I have a book, I think it's called the Everyday Knife Bible or something like that. It details many wonderful things that you can do with knives that don't involve sticking hem in to other people ;) such as using the knife as a compass.

    It's pretty cool.
  6. loyalonehk

    loyalonehk Kaju Dog - DBMAA

    Sounds like a good read... Can you verify the title and author for me please. I realy enjoy things like that. In fact a first of many seminars to come will be held in the mountains for several days with all ages from mature youth and up. I am always looking for useful information to share.

    Thanks in advance,
  7. Carol

    Carol <font color = blue><b>Technical Administrator</b><

    You bet! Sorry I didn't have the book nearby when I posted.

    Everybody's Knife Bible, by Don Paul. Publisher is Pathfinder Publications. I picked it up at an Army Navy store. :)

    It's an excellent book. It gets in to the description of knives (what is which and for what purpose) as well as care. It goes in to some good basic weapon/defense aspects, but I found myself to be most rivited by the unexpected applications.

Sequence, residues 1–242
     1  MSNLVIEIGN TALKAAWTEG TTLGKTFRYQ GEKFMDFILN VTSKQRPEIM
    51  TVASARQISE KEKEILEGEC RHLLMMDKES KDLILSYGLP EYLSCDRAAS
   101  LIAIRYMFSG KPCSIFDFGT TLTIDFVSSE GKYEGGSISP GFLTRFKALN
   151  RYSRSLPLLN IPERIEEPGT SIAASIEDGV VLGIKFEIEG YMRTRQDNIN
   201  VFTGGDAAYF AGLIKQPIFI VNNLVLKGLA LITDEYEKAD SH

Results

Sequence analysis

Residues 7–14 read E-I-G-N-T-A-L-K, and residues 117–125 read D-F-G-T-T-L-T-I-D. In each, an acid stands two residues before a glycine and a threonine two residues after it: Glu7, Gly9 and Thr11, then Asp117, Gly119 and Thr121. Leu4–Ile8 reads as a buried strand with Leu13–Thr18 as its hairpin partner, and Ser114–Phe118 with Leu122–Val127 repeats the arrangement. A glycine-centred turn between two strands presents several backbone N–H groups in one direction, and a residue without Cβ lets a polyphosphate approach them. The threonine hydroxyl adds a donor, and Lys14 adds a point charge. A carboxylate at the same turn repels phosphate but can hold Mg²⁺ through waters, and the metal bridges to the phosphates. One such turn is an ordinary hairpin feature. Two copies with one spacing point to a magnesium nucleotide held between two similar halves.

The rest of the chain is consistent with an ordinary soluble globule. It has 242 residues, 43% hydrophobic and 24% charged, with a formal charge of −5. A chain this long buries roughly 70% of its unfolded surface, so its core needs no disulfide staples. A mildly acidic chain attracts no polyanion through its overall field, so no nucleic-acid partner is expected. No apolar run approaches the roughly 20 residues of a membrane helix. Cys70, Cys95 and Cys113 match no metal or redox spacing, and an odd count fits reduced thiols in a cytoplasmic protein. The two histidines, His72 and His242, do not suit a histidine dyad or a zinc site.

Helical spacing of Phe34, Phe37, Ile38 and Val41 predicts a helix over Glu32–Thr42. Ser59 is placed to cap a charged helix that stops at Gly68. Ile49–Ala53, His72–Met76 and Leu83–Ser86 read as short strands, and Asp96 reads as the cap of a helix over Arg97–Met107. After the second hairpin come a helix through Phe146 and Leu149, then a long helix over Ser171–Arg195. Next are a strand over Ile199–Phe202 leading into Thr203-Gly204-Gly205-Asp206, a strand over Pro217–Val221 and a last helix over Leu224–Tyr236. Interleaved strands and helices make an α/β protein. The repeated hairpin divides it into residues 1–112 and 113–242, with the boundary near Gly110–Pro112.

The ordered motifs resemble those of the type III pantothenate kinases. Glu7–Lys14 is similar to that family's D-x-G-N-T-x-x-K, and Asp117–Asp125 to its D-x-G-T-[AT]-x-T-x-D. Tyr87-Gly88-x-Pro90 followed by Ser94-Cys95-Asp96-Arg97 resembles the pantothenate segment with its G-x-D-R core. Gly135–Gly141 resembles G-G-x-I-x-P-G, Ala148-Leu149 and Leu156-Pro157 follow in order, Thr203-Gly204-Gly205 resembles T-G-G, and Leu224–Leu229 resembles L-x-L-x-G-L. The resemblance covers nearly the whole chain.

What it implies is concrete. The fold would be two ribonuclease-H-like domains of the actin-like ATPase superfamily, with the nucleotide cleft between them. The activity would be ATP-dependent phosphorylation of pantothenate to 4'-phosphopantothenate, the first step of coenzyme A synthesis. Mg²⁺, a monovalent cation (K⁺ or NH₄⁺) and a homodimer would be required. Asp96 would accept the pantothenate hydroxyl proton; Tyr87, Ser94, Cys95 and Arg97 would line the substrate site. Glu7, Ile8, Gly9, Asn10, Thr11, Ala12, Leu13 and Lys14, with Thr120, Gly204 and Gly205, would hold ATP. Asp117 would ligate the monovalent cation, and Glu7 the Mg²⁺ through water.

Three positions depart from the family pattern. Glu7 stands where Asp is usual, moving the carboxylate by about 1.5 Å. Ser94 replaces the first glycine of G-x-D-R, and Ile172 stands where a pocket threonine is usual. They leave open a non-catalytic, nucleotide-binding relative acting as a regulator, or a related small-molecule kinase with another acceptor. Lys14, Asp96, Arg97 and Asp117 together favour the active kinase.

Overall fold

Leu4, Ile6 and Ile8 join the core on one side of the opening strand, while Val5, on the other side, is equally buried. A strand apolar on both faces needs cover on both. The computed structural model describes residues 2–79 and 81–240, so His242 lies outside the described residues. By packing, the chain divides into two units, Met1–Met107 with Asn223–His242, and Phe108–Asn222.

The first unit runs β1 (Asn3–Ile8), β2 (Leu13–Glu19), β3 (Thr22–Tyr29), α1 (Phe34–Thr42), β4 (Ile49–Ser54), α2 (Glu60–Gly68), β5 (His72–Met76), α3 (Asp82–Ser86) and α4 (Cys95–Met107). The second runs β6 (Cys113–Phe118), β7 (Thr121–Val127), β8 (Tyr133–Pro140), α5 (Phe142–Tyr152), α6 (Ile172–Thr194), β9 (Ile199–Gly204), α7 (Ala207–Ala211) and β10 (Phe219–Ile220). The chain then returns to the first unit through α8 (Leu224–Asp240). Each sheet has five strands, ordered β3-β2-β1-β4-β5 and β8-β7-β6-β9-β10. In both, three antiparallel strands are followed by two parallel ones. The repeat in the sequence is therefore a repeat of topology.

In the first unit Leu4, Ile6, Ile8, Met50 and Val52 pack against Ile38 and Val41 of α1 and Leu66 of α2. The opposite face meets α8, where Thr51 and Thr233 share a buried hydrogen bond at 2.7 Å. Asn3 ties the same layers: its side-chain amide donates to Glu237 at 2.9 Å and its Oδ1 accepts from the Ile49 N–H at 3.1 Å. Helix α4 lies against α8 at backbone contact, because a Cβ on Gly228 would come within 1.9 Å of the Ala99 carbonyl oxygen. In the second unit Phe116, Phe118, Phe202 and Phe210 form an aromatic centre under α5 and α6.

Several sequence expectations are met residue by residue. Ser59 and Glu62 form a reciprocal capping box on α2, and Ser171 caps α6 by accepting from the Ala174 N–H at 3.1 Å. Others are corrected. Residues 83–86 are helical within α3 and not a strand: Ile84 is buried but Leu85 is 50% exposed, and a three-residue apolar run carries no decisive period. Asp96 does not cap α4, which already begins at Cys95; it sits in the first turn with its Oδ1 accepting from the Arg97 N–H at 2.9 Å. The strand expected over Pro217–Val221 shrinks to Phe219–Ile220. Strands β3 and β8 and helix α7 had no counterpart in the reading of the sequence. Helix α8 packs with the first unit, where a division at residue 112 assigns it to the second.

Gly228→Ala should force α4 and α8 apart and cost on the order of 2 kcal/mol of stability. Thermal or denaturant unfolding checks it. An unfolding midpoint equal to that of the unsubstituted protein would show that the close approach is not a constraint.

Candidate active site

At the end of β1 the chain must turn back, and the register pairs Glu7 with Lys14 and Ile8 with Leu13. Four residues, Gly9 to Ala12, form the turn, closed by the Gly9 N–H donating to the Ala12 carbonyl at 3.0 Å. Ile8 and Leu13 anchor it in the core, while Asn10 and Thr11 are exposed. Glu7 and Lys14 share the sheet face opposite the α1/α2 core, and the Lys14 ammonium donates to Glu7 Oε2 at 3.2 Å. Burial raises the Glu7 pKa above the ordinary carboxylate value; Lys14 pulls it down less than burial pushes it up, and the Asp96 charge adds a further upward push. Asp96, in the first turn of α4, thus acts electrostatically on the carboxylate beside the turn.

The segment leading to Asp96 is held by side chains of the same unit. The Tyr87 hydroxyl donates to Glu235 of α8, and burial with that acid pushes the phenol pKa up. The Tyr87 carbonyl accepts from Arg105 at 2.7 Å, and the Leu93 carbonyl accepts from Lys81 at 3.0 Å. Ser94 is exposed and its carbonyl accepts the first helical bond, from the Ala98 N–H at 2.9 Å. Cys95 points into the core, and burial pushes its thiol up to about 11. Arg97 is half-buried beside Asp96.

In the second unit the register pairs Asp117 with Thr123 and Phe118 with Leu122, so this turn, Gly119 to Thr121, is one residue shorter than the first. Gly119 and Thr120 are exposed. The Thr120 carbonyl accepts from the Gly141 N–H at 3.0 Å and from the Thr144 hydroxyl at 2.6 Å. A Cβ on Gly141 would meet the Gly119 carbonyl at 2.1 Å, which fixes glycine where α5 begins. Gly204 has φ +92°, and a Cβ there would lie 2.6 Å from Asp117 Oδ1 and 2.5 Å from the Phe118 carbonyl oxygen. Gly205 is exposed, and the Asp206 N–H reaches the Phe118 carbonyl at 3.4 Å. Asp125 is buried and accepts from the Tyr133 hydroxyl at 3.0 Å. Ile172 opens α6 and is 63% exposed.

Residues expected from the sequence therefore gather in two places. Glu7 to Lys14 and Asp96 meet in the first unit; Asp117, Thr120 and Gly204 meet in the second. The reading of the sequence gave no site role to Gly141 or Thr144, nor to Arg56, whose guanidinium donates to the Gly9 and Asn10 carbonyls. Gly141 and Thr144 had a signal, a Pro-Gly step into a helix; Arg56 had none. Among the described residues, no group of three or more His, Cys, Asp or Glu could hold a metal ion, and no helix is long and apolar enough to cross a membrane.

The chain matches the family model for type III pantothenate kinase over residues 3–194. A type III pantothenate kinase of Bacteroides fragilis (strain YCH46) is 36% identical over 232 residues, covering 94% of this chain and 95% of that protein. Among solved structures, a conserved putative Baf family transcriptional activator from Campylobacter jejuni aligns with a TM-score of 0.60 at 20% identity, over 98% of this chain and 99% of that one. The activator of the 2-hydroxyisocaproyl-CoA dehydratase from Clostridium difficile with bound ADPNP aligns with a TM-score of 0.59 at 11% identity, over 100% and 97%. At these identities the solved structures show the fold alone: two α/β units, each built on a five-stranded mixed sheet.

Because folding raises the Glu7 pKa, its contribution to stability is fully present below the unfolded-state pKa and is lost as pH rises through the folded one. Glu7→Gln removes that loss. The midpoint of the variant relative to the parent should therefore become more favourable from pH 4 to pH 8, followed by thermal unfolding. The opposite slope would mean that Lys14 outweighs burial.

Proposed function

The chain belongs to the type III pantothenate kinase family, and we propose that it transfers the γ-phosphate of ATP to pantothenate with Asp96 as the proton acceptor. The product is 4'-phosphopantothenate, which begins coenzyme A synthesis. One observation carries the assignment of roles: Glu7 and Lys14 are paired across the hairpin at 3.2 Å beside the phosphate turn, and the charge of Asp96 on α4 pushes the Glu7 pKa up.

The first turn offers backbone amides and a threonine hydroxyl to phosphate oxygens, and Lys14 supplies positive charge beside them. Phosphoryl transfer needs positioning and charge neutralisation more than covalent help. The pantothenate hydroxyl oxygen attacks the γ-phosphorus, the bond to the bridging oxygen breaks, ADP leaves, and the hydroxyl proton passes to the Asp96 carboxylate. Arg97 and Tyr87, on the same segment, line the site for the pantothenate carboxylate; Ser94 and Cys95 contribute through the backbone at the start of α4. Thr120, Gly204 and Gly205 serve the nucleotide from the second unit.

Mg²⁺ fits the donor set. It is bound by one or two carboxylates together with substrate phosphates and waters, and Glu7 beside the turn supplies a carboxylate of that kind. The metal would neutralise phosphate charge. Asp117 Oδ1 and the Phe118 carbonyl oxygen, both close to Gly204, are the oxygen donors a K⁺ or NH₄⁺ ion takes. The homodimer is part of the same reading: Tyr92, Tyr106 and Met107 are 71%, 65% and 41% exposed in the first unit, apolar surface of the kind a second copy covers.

It to use a knife to cross running water safely, how to tell time, how to get directions, how to measure heights in a forest, how to clean a fish...its pretty interesting stuff.

    The Army-Navy store where I went had a couple of other books from the same publisher (Pathfinder) including one by the same author. The focus seems to be on outdoorsy subjects explained in a way that even a city slicker like me can figure it out. Good stuff. :D
  8. loyalonehk

    loyalonehk Kaju Dog - DBMAA

  9. Carol

    Carol <font color = blue><b>Technical Administrator</b><

  10. arnisador

    arnisador Active Member

    What's this?
  11. arnisador

    arnisador Active Member

    OK, I'm going to need to know more about this...
  12. loyalonehk

    loyalonehk Kaju Dog - DBMAA

    Without going into too much detail and pulling away from the focus area of this thread. "Nick & Stick" Drills... Key word being drill. You can develop your own from this main principle (IMHO trial and error is the best teacher for this as everyone will react a bit different and vary in size, etc.) Most all of us at one time or another has nicked or cut themselves (ie paper cut on a finger comes to mind). What is your immediate subconscious reaction? To jerk away from the pain and look (even if only for that split second) at your finger. If we apply this lesson to our training (ie drills) we can recreate the same response by nicking, or for safety in training (use wood, metal or hard rubber training knives) and smack the finger of your partner. When he/she reacts, there is your opening to go in for the "stick" or kill. I like to work on, and teach my students, to then work around the body in one direction or the other (situational) using a bit of trapping and hooking to create even more openings to access vital targets of opportunity.